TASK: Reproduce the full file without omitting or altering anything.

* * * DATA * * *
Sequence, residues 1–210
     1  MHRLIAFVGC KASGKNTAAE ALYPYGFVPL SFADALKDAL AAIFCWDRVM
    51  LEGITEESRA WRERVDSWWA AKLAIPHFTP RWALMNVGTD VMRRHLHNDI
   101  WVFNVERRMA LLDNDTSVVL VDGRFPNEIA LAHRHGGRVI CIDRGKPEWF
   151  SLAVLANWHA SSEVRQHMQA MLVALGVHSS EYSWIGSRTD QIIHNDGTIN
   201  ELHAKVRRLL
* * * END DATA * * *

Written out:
Sequence, residues 1–210
     1  MHRLIAFVGC KASGKNTAAE ALYPYGFVPL SFADALKDAL AAIFCWDRVM
    51  LEGITEESRA WRERVDSWWA AKLAIPHFTP RWALMNVGTD VMRRHLHNDI
   101  WVFNVERRMA LLDNDTSVVL VDGRFPNEIA LAHRHGGRVI CIDRGKPEWF
   151  SLAVLANWHA SSEVRQHMQA MLVALGVHSS EYSWIGSRTD QIIHNDGTIN
   201  ELHAKVRRLL